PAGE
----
Passion led Duvall to make tango film

April 30, 2003|By Roger Moore | Roger Moore,SPECIAL TO THE SUN

MIAMI BEACH - You'd never know it to look at the work - often quiet, introverted, built on small moments. But Robert Duvall is an actor ruled by his passions.

It doesn't reveal itself in every job. He's still a sucker for anything with a horse. He's related to Robert E. Lee, so he ignored doubts he had about playing Lee in the flop Gods and Generals. For every Tender Mercies, combining his love of country music with his favorite screenwriter, Horton Foote, Duvall will have to play a cop (Falling Down) or icon of evil (Adolf Eichmann, Josef Stalin).

At 72, the dean of American screen actors has become something of a late-in-life Olivier, taking work in films such as John Q, Gone in Sixty Seconds and The Sixth Day, just to act and collect a check.

But when he signs his name to something, you can be sure it is because he's wrapped up in it, heart and soul. Duvall carried the idea for his Oscar-nominated film The Apostle around for 30 years before filming it. He met a rodeo family in Nebraska and taught himself to direct because he wanted to tell their story in We're Not the Jet Set.

And now, he's found a way to put tango, his abiding passion of the last 15 years, on the screen. Assassination Tango is "about a loner, a killer, but a man who falls in love with the tango," Duvall says. The movie (which has not opened yet in the Baltimore area) taps into Duvall's obsession with the stylized Argentine dance, folded into a routine story of a New York hit man who shows up to kill a retired Argentine general.

"I just like the grace of the dance, the whole setting," he says during lunch at Miami Beach's National Hotel. Looking more like a 50-something movie star than your typical Florida retiree, Duvall is shy, soft-spoken, modest, a little hard of hearing and gracious when a patron or a restaurant manager interrupts his meal.

Tango "has been an ongoing thing for me," he says. "I've had to go back to Argentina to feed this thing, 38 times!

"You go down to Buenos Aires, my favorite city in the world, and this guy will show you something. And some other old guy will come up and go, `He doesn't know anything about tango. Here's the way it really goes!' They argue the dance, they debate it. They're passionate about it. I love that."

Duvall can relate to that passion. It took him years and a lot of his own money to bring the $6 million Tango to the screen. He indulges himself with the movie. Though he is credited with the script, much of the dialogue is improvised. He cast Luciana Pedraza, his live-in love, as his co-star. She found herself sharing the stage with the man routinely described by critics such as Leonard Maltin as "the most gifted actor to grace the screen."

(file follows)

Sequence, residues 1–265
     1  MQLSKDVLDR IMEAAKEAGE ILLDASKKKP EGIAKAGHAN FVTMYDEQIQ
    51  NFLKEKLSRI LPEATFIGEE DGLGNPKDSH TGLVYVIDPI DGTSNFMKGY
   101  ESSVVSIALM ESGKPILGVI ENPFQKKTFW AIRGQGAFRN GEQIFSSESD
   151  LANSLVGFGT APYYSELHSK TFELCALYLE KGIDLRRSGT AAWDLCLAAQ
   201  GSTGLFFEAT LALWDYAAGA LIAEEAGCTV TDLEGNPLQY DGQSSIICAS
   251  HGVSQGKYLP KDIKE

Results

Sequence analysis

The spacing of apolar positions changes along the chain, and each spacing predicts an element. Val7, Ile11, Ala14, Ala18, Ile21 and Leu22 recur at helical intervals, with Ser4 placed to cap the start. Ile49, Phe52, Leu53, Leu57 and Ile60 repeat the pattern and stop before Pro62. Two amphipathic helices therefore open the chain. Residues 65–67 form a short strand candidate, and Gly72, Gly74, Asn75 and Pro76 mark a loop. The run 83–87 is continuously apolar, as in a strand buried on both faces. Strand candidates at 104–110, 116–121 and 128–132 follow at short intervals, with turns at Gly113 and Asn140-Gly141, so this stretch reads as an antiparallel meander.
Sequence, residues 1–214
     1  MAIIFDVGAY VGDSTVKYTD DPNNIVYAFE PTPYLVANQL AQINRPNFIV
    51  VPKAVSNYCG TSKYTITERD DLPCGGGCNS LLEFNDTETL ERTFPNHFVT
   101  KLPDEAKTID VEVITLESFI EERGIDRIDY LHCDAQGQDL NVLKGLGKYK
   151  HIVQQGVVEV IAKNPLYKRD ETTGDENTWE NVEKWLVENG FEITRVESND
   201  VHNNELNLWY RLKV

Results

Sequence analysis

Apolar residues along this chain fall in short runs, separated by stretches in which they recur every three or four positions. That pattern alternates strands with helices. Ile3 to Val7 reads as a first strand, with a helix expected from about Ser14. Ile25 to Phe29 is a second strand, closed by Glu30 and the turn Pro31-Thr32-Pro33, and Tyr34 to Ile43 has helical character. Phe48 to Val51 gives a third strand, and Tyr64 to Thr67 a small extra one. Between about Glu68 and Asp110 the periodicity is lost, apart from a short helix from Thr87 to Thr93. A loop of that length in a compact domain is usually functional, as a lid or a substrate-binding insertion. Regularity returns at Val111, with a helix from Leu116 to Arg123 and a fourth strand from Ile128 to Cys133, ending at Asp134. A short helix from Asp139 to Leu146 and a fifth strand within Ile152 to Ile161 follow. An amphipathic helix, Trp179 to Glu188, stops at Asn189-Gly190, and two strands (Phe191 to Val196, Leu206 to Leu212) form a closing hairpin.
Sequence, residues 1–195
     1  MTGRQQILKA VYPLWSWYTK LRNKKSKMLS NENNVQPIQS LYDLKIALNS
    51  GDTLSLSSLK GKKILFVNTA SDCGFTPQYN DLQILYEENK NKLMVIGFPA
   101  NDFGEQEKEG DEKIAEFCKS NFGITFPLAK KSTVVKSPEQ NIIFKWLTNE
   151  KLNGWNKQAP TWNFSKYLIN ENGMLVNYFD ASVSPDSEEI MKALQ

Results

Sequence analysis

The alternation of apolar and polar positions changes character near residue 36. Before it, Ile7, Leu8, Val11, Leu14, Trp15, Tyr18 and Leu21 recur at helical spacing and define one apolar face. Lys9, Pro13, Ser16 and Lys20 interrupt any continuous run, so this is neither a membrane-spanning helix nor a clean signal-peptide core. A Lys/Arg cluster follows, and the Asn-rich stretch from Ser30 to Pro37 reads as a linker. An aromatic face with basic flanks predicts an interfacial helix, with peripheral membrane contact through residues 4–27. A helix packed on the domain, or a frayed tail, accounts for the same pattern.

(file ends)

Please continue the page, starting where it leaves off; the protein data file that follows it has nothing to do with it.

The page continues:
Acting legend

Duvall is that rare star character actor, someone not necessarily seen as leading-man material, but a character lead. The quiet, efficient and coldhearted family lawyer in The Godfather, the bullying military father in The Great Santini, the unforgettable Colonel Kilgore in Apocalypse Now - the roles weren't just career-builders, they were pieces of acting legend.

He was a bitingly cynical reporter in The Natural, the blustering but kindly father in Rambling Rose and, most interesting, an aged Miami Cuban in Wrestling Ernest Hemingway. In his Oscar-winning turn in 1983's Tender Mercies, he was an alcoholic country singer finding his way back to the light.

Duvall pursues the small moment, the telling bit of business - a thoughtful stare out a window in True Confessions, a baleful glare into a side mirror on a pickup in A Family Thing.

Pedraza knew a little of Duvall's reputation before going up to him and introducing herself in Argentina in 1996. She was 24, beautiful, confident, "but I didn't know who many movie stars were. I grew up in northern Argentina. That helped our relationship, because I wasn't that impressed with his fame."

Pedraza says she fell for Duvall's "charisma. You can feel it, even on the screen. That really got to me, when I first became a fan of his. I wanted to be a part of that world, that imaginary world."

"Once nonprofessional actors get to a certain level, where they're comfortable and forget about the camera, I think they're good enough to put professional actors on notice," Duvall says. "They don't have the bad habits, the egos. If they come from the world you're trying to depict on film, they give an authenticity to the film. You know they're real. You can feel it."

One scene in Assassination Tango illustrates Duvall's approach. It's at a restaurant where the tango is danced.

"It's a mix of professional actors and just real tango dancers," Duvall says. "Tango puts them in front of an audience, so they've always been in front of people. They're just natural on camera."

"He doesn't patronize people," Pedraza says of Duvall. "He doesn't insult them. He tells them what he wants, and there it is. Even untrained actors want to give it to him, because of who he is."

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